Stories about ethics, compliance, culture, and risk
On The Guardian, Patrick Greenfield breaks down the story surrounding Cambridge Analytica, a data analytics firm that has been in the news this month because of a whistleblower's report over the unethical and potentially illegal use of data tied to millions of Facebook profiles. Catch up on the full story here, because it seems like we'll be hearing about it for a long time, especially given it's relevance with the upcoming implementation of GDPR.
For additional perspective on Cambridge Analytica, read this story in Reuters about how this scandal has impacted the levels of trust that people have with Facebook in relation to the protection of their data and privacy, and this story in Wired that explains why a data breach of this nature was so inevitable that MIT social scientists predicted it over a decade ago.
In The New York Times, Jodi Kantor takes a look at the progress being made five months after #MeToo and the work that still needs to be done to overcome sexual misconduct and harassment in organizations around the world.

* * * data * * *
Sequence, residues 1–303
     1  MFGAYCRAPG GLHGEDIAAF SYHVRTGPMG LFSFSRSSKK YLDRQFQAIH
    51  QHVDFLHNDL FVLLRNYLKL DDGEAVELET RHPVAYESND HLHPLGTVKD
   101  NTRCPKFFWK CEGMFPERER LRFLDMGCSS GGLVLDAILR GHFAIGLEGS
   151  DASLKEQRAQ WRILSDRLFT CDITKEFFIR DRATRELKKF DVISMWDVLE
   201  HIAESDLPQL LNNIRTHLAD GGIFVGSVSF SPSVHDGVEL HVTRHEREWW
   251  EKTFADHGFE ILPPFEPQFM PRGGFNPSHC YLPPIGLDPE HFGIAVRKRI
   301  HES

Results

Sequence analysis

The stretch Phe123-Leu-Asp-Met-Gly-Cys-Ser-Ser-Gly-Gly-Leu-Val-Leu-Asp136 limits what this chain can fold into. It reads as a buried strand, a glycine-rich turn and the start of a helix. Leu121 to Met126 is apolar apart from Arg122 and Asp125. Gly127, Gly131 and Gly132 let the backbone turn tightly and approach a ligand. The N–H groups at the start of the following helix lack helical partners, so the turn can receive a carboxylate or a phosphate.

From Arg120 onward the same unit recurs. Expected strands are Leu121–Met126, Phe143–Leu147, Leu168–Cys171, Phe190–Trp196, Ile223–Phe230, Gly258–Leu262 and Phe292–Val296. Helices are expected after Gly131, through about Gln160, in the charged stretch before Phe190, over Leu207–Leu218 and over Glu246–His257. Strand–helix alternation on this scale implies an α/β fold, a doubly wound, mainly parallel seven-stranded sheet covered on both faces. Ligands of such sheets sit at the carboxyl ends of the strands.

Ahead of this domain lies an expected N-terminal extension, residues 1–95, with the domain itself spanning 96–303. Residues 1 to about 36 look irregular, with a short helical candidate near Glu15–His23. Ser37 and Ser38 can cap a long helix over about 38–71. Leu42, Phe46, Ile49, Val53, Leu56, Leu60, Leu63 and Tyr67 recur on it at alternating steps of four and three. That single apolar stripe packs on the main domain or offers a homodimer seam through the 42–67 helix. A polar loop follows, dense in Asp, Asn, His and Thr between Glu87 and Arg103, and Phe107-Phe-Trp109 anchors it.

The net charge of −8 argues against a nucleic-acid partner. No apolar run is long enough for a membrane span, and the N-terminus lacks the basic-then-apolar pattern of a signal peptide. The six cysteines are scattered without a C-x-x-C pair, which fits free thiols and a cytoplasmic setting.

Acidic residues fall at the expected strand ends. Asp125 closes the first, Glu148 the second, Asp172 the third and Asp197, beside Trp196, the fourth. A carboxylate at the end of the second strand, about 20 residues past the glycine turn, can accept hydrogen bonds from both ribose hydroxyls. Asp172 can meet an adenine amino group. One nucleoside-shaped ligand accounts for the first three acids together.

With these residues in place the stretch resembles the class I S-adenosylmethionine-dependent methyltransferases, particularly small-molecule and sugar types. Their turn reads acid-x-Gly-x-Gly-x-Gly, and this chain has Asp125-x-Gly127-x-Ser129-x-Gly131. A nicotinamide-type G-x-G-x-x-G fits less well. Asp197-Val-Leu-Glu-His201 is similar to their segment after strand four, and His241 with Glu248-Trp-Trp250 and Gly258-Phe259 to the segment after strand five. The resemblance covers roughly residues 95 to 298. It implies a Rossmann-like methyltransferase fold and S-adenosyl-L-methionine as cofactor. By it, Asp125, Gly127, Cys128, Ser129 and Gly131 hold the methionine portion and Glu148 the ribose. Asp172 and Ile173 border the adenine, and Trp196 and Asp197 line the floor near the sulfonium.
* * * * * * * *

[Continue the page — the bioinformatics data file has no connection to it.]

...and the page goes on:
On ECI Connects, the Ethics and Compliance Initiative shares the insights and findings from their new Global Business Ethics Survey (GBES), a survey of 18,000 employees around the world. Two key findings are that employees are reporting misconduct more often than years past, but also experiencing higher levels of retaliation as a result. You can read about the survey findings here and read additional coverage of the findings on Radical Compliance and in the Wall Street Journal.
On The Ethical Leader blog, Yan Tougas, Global Ethics and Compliance Officer at UTC, shares his thoughts on the importance of an ethical culture and brand when it comes to preventing unethical behavior and having a strong compliance program.
In a new post on the FCPA Blog, Richard Bistrong details the mindset and psychology behind his decision to bribe a Dutch police officer and violate the FCPA. His reflective story on what went wrong and what he's learned reinforces the importance of clearly demonstrating the value, and values, of an organization's brand, and how that knowledge can give employees the confidence to conduct business ethically.
In the Harvard Business Review, Denise Lee Yohn describes the core elements of employee brand engagement and details how to become more effective at connecting employee behavior to the values of an organization. With only 13% of employees engaged according to Gallup, Denise shares important lessons to help overcome disengagement.
In case you missed it on our blog
We recently spoke to Antonio Fernandez, the first Chief Compliance Officer at PSEG, about his career in E&C and journey to modernize and grow his organization's compliance program. Read our interview to learn about the challenges of being a CCO and for Antonio's advice on how you can promote ethical behavior in your organization.